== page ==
In the ancient script of the book The Art of War, General Sun Tzu wrote, “If you know the enemy and know yourself, you need not fear the result of a hundred battles. If you know yourself but not the enemy, for every victory gained you will also suffer a defeat. If you know neither the enemy nor yourself, you will succumb in every battle.” Let’s face it, business is war fought over customers, and while it does help to create your own original pitch to the client, studying your competitors will do you more good than any other marketing strategy. So get ready to hit the business battlefield as we give you four reasons to look at what your opponents are doing to boost your Search Engine Optimization (SEO).
Find Out Who The Real Competition Is
No matter what market you are in, there are always professional and dud companies. Looking up whatever service or product you offer and the order that your competitors pop up can give you a good idea on what they are doing to pitch to their customers. Are they paying for ads? Why does it look like they come up first? Take search engines for example. Doing a little research makes it easy to see that Google and Bing are the juggernauts to learn from, while others like Ask or DuckDuckGo obviously aren’t seeing the desired success. That doesn’t mean you only look at the successful competition; ideas can come from anywhere, but the companies at the top of the totem poll are worth more of your time.
Find The Hot Keywords
Analyzing your opponent’s websites or marketing campaigns is arguably the best way to find out what business you’re in. It may sound stupid, because of course you should be pretty well aware of what business you’re in, but are you selling it the same way people are searching for it? Are you a fencing company that’s trying to sell the cheapest fences, the nicest fences, or the tallest fences? Every single one of the keywords accompanying “fences” (cheapest, nicest, tallest) hits a different target market. Of course, you may be in the fencing market, but what type of fencing market are you really in? Looking at what your competitors say they sell reveals the exact keywords you’re competing for.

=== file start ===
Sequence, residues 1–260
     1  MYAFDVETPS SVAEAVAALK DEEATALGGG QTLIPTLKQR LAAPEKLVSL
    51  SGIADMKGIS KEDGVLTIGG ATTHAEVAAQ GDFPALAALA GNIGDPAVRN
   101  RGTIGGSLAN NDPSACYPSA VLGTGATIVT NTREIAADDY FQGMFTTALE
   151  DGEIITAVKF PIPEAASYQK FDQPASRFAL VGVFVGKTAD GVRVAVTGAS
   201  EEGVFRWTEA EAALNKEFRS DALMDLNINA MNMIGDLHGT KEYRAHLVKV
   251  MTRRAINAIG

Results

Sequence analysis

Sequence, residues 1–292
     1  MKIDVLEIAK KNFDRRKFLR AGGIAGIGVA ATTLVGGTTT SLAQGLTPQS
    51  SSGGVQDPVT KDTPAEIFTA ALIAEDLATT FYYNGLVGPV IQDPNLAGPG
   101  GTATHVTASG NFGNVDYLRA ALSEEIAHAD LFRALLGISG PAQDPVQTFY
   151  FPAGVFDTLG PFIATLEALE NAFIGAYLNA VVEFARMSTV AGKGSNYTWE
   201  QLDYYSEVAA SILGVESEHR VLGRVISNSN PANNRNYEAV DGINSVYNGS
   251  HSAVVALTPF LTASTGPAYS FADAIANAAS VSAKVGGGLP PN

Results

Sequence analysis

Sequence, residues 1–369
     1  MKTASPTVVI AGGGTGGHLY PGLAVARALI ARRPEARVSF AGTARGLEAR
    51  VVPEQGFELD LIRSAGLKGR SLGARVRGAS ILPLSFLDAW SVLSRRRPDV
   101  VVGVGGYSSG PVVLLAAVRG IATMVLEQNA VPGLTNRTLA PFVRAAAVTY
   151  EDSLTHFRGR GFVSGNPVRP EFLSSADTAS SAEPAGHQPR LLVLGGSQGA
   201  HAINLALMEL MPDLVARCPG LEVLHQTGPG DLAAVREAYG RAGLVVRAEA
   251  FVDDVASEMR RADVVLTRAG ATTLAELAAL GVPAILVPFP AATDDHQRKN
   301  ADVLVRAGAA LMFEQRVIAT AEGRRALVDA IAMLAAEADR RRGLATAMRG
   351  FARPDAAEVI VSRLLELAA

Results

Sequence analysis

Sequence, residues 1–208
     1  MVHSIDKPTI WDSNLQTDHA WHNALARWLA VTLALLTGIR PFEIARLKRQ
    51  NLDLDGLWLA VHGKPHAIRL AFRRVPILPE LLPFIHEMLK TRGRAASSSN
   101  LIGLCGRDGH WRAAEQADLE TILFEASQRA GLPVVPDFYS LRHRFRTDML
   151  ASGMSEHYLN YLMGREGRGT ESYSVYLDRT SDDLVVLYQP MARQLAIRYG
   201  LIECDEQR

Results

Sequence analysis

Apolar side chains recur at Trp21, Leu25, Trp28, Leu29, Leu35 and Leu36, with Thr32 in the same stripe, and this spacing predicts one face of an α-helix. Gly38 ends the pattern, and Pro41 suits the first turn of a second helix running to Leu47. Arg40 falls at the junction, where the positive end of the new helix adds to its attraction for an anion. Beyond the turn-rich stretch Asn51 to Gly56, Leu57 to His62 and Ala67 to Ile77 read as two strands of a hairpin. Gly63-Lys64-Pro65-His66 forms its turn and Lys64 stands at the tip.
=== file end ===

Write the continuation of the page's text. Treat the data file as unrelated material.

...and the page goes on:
Social Media Presence
Looking at the enemy’s social media is a great way to see first hand what the interaction is like between the business and customer. Do they post daily? Are they professional or humorous? Are clients constantly complaining about something or is there barely any traffic on their accounts? It’s a great way to see where the bar is set and to enhance the business to customer experience.
The beauty of the internet is that it exposes anything. Most of the time it acts as a double-edged sword. It is pretty tough to hide your own specific keys to success, but you get perfectly clear view of how the public views your competitors. Take a look at the comments to get a grip not only on other company perceptions, but the way people look at your field as a whole.
It may feel a little sneaky to plan business strategy based on your competitors, but remember that Apple didn’t make the first personal computer, Ford didn’t make the first automobile, Edison didn’t create the first light bulb, and Gutenberg didn’t make the first printing press. They all just found someone else’s great idea that could be better, so there’s definitely something to be said for being aware of your competitors’ actions.